Would you take offense if someone called you gullible, naïve, easy to fool? Of course you would! But have you never been duped, not even by fake jeans, fake trainers, or even a fake smile? How about that email yesterday asking you to reset your password?
Phishing emails are a common starting point for cybercriminals. The intention is to trick individuals – your employees – into giving up passwords, usernames, and personal or company information.
After gaining entry to your business network, hackers may seek out a revenue source, or perhaps valuable information which they can sell on – customers’ details or intellectual property.
Or, for those whose aim is only to disrupt services or create disorder, your network can be made slow, unstable, or made to stop working altogether.
A guide to common phish: specimen A
An individual received an email from Evernote (well, that’s what he thought), the application used by millions of people to temporarily store notes for later reference. The email asked him to verify his email by clicking on a link and then entering his Evernote password. It seemed legit, so he went ahead as instructed…
The scammer, knowing that individuals have a tendency to use the same logins on multiple accounts, tried the ill-gotten Evernote password on his victim’s email account… Bingo!
Having rummaged around the email account, the scammer found a potential gem: details of an investment account which he subsequently tried to draw down on by emailing the relevant institution.
Luckily, the investment account manager’s suspicions were raised by the unusual communication style of the email and the alarm was raised. Result: one scammer foiled, one very lucky victim let off the hook. (And let’s hope the quick-witted account manager got mentioned in despatches.)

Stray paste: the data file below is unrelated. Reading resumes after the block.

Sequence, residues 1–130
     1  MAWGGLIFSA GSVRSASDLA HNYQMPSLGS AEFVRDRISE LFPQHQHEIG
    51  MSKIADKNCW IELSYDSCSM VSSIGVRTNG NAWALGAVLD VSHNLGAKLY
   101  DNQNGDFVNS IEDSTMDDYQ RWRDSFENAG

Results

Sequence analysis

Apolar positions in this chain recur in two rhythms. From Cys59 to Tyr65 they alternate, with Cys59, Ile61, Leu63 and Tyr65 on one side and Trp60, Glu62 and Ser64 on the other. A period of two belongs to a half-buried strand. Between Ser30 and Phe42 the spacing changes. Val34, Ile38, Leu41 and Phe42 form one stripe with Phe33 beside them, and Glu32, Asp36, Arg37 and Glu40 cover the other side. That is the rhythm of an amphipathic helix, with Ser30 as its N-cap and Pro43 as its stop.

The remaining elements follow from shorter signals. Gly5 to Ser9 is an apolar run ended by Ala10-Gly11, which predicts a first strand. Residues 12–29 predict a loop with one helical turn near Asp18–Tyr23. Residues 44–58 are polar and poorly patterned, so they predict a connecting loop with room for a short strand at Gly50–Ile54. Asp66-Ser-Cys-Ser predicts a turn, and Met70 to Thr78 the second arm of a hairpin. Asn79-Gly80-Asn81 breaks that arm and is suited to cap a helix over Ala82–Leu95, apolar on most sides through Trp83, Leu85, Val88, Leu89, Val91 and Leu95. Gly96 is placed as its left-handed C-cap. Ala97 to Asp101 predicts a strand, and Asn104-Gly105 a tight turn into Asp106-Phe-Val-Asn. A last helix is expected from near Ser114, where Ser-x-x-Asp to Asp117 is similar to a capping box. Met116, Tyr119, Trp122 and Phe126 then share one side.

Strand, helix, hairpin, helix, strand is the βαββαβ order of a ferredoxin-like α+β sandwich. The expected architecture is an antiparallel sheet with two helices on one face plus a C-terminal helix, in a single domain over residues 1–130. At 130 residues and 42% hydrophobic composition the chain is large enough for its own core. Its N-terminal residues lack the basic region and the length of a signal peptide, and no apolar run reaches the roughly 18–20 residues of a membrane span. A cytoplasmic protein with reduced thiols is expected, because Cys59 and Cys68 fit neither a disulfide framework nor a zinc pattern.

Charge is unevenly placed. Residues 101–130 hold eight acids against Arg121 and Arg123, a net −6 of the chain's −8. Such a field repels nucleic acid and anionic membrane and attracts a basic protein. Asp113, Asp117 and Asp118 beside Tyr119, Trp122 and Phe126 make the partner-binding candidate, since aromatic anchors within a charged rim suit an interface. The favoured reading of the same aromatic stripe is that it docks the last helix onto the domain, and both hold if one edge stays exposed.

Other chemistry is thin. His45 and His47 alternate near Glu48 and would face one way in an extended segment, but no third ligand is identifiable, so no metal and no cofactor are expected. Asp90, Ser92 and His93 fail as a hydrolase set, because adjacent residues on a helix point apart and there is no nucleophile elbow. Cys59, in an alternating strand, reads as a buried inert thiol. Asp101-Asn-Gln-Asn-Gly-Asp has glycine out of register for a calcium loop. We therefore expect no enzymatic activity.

A guide to common phish: specimen B
An employee in the Advertising Sales Department received a text to their work mobile number saying, “I tried to call but there was no reply. Please email me at Tricky.Dicky@MonkeyBusiness.com to discuss ad rates.” [Not the actual address!]
The employee was perplexed about the lack of a registered ‘missed call’, and the request to email rather than phone, but the lure of a potential sale was too good to miss. She fired off an email and got a reply asking her to click on a link in order to read more about the client’s company… You can guess what happened next.
Even if you have installed spam filters, firewalls, anti-virus and anti-spyware software to guard against malware, the ‘peopleware’ risk remains a problem: simple, common errors can be committed by otherwise intelligent employees.
Inculcate an attitude of wariness towards emails within the workforce:
- Watch out for spelling errors – this is especially important for employees whose first language is not English.
- Do not click on embedded links or pop-ups.
- Do not enter passwords and usernames as a result of receiving an email.
- Do not blindly follow up mysterious enquiries – do the homework first.
- Use unique passwords for every personal and business online account.
In addition, make sure employees create strong passwords that can’t be guessed just by looking at social media (so-called social engineering). They should be 15+ characters long, and contain random symbols, numbers and cases.
End of the line
Whether one of your employees is phished at home or at work, your business may be exposed to expensive and reputation-damaging consequences.
Whilst no one on a normal agenda would ever willingly put themselves or their employers at risk, it takes just a few seconds’ worth of distraction to get caught by a phishing attack, so teaching your employees vigilance and caution, and honing their common sense skills in recognising the hallmarks of a scam should go a long way to minimising the risk.
If you are worried about your organization being the victim of a hacking incident, check out our free guide on How to Protect Your Company from being Hacked.